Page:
Ford is far from innocent here, in its decline from having the best-selling car on the market 16 years ago. The AU Falcon came out a year after the VT Commodore aged the EL overnight, and it was an ill-considered design direction. This was repeated with the FG lagging behind the VE Commodore by 18 months.

    They had problems bringing the new LPG system to market, I gather a lot of it was outside Ford’s control but it lead to a gap in product availability of over a year – leading to not only a loss of sales but surely a change of customer buying habits due to the forced change. The diesel Territory was cancelled only to be revived later and coming to market perhaps 3 years after it needed to – thousands more lost sales.

    They have also withdrawn from quite a few different parts of the market such as the LWB luxury variant, a segment Ford created in 1967, and the station wagon – which ran the same basic rear inner structure for over 20 years. Both of these cars were caught in a spiral of smaller development investment leading to fewer sales, sure in the end there was only one decision to make, but Holden has shown there is an alternative and when you are at the numbers they sell now every bit helps.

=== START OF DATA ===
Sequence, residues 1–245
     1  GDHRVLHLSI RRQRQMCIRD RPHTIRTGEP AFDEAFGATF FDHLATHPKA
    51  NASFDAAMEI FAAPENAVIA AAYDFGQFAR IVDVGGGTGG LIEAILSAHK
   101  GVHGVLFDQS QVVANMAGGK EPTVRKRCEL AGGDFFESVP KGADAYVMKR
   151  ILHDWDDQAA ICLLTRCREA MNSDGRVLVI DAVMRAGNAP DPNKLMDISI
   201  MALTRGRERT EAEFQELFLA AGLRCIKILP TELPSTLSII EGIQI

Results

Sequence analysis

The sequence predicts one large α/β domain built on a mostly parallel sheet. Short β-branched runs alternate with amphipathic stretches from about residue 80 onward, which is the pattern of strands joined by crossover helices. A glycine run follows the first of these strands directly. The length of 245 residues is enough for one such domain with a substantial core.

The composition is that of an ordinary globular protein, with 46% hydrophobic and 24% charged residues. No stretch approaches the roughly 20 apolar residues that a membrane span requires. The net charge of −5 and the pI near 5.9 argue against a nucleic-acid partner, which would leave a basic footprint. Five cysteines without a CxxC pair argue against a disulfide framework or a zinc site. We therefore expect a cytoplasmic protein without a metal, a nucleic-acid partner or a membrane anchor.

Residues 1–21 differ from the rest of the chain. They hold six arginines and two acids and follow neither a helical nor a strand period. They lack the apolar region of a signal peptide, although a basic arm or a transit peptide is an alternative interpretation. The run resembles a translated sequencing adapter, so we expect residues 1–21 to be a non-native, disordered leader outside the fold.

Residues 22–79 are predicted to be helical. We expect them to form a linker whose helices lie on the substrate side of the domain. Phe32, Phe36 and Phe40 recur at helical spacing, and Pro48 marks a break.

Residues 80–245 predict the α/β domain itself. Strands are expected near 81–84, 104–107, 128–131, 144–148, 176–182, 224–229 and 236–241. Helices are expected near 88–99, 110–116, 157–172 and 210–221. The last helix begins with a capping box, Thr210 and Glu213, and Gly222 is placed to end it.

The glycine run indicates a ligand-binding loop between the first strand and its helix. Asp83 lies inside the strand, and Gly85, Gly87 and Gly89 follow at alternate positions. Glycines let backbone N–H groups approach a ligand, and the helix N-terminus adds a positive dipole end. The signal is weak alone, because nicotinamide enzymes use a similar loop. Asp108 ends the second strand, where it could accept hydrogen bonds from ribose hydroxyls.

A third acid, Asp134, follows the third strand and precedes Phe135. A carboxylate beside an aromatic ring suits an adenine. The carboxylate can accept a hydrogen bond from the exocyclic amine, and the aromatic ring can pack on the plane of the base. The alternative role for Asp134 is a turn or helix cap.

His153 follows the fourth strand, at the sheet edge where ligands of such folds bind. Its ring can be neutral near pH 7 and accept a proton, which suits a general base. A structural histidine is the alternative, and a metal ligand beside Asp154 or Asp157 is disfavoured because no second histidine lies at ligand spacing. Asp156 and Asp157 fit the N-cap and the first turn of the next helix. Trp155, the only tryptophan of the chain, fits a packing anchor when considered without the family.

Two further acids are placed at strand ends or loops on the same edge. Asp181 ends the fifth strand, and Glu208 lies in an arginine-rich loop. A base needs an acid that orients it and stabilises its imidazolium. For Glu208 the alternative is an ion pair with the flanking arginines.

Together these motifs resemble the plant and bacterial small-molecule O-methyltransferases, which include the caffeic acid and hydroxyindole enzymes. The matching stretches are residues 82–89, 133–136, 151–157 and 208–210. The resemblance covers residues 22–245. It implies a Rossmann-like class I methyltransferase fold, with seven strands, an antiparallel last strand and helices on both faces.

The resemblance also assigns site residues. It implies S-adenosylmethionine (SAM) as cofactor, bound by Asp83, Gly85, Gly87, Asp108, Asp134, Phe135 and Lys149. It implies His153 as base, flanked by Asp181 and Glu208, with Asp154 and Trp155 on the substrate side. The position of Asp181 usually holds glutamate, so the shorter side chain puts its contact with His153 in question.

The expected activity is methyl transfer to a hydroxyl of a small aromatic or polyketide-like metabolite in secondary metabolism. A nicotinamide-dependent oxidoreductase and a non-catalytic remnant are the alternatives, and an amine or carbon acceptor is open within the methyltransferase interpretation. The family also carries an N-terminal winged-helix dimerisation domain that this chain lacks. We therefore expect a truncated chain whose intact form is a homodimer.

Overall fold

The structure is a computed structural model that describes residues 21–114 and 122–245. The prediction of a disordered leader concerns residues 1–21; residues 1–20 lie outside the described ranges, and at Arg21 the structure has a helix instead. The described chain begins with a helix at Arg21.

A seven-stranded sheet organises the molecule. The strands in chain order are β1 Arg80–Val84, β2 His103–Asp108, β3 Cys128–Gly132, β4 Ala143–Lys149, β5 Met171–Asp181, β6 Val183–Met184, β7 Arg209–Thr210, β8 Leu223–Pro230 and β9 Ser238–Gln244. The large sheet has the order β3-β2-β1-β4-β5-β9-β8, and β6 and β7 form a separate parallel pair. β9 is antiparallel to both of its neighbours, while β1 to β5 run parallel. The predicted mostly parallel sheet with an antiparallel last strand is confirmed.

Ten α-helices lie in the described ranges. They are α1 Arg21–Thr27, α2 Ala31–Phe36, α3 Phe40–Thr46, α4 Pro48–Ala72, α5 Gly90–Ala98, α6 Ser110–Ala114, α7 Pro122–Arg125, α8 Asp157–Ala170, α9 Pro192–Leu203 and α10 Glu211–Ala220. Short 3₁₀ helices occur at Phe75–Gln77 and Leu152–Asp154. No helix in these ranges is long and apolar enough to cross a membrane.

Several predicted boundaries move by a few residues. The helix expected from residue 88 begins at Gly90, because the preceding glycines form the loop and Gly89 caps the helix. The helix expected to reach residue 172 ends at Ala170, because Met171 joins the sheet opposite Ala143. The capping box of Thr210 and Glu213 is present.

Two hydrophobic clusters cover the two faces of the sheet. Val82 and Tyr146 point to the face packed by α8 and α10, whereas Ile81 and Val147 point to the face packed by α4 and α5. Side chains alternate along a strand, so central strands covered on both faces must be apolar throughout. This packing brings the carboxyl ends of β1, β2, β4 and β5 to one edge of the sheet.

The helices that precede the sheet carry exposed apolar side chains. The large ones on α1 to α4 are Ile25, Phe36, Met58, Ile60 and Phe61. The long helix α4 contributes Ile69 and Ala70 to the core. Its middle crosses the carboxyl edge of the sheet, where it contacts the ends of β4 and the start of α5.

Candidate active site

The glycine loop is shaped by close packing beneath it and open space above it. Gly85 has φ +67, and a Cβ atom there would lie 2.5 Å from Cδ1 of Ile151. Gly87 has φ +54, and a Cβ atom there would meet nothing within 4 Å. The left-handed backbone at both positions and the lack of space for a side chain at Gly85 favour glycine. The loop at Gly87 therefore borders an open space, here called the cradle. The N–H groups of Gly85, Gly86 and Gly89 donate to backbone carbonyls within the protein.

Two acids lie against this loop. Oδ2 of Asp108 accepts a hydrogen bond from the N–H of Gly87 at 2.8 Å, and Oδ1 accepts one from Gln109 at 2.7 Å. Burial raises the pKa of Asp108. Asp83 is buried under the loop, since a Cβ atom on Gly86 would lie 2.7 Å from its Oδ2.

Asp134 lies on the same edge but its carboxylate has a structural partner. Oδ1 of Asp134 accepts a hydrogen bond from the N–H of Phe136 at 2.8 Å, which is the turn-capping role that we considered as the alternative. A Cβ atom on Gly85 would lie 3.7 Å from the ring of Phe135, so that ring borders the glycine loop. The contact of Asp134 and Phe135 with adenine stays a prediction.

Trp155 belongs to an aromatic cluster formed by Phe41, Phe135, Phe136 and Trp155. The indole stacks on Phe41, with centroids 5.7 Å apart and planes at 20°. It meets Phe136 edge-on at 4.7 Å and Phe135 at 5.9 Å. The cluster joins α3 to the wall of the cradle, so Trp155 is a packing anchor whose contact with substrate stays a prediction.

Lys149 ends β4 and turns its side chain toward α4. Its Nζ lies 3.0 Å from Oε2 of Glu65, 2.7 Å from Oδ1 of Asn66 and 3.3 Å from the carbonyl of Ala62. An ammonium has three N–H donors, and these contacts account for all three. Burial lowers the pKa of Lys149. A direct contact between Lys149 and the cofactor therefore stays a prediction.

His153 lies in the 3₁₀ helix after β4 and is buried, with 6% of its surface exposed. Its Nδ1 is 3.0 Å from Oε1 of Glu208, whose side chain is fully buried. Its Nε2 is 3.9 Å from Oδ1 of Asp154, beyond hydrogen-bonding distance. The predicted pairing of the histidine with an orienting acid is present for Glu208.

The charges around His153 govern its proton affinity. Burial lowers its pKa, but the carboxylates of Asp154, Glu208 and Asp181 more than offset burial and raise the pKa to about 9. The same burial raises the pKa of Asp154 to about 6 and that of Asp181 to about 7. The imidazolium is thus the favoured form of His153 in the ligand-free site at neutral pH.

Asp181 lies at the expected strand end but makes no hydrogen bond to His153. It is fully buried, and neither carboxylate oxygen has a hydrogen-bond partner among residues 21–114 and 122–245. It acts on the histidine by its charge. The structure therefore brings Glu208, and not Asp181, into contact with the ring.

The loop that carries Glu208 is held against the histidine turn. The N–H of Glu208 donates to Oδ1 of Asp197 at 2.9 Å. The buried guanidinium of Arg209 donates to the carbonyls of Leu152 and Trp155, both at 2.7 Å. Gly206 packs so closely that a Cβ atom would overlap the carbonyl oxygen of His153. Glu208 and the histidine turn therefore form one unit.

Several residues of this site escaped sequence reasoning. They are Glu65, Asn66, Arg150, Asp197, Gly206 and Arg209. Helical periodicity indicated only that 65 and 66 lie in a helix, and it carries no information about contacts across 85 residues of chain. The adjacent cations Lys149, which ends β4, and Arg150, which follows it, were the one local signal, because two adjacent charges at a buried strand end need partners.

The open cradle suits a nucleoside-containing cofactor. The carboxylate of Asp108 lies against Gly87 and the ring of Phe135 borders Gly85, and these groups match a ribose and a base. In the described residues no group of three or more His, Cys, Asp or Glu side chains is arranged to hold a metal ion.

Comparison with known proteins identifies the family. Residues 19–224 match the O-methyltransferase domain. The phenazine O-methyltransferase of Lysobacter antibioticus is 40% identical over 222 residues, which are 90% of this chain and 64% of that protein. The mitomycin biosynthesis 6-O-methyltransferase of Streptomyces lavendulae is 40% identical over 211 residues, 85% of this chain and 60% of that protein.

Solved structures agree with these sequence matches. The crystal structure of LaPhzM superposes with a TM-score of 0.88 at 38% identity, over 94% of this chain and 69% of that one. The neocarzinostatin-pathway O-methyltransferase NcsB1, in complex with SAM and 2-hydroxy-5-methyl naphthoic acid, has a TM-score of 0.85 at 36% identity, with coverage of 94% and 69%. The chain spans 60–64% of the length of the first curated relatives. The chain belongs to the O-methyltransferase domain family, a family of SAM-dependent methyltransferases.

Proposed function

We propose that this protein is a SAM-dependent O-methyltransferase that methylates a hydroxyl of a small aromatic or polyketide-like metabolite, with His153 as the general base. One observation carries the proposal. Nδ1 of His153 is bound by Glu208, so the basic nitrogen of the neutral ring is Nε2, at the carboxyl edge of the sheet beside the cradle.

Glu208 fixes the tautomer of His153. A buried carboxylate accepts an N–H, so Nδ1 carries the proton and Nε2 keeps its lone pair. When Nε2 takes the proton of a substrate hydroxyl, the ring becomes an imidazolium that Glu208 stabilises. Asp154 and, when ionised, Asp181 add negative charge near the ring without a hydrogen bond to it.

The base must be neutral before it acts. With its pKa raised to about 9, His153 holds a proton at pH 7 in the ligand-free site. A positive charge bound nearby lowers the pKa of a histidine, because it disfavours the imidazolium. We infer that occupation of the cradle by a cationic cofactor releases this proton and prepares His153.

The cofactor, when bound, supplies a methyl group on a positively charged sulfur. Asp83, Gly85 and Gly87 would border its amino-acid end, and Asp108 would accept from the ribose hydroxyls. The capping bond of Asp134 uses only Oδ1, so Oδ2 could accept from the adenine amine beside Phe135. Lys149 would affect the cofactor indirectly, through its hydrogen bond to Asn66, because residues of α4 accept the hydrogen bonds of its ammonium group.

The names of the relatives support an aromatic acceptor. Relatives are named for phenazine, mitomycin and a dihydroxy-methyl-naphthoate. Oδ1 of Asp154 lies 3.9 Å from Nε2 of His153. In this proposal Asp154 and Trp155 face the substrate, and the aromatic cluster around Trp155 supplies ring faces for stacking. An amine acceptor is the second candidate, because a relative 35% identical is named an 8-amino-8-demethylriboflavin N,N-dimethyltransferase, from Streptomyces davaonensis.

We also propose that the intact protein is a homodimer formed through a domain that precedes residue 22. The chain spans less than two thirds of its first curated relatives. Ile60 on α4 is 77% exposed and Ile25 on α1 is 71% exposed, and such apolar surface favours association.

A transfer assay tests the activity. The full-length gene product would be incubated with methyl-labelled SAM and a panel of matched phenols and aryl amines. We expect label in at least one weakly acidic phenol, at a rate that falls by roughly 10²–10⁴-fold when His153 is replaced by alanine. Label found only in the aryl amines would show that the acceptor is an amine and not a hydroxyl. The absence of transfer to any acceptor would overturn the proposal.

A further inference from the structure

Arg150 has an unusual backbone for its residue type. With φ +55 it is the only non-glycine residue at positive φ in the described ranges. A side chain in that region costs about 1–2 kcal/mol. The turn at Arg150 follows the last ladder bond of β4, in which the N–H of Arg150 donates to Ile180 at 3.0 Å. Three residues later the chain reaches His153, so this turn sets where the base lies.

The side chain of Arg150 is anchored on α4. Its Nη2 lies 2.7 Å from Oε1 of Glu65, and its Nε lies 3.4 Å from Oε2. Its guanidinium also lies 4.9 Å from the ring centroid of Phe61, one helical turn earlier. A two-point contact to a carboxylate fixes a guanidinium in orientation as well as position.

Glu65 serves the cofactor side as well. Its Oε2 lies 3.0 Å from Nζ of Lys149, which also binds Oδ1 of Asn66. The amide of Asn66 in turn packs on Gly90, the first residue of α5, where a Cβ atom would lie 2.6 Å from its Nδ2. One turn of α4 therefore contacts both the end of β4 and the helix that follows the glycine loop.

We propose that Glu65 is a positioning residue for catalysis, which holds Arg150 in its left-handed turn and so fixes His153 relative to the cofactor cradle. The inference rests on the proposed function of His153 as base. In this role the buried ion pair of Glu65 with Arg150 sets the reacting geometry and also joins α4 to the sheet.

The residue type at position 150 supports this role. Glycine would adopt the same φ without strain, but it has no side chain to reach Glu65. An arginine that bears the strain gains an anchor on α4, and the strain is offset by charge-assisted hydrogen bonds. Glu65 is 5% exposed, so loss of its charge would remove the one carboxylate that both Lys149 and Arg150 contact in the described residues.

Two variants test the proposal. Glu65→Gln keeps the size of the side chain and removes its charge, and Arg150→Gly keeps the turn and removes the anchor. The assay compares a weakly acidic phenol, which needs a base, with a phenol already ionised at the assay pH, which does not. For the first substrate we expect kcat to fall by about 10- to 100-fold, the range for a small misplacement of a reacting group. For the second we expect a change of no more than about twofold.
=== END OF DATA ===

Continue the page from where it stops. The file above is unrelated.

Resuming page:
I also wonder how many people have been put off buying a Ford by what is nearing a decade of “Ford closing down any minute now” reporting. This has not been helped by a lack of clear demonstrable statements to the contrary for the most part, even now they are evasive about what the future holds. What conclusion must you draw in such a situation?

    Lastly Nissan has stopped building cars in Australia, but they do still have a manufacturing presence here in cast aluminium components.

  • avatar

    Whatever the decision of Ford that they will not produce car in Australia , It’s their choice. If they are not happy with their production in happy then Ford can produce their car in another country , but Australian market is very good opportunity for ford to be in Race of all car manufactures. For ford it will be difficult to supply cars on time if they will not produce cars in Australia .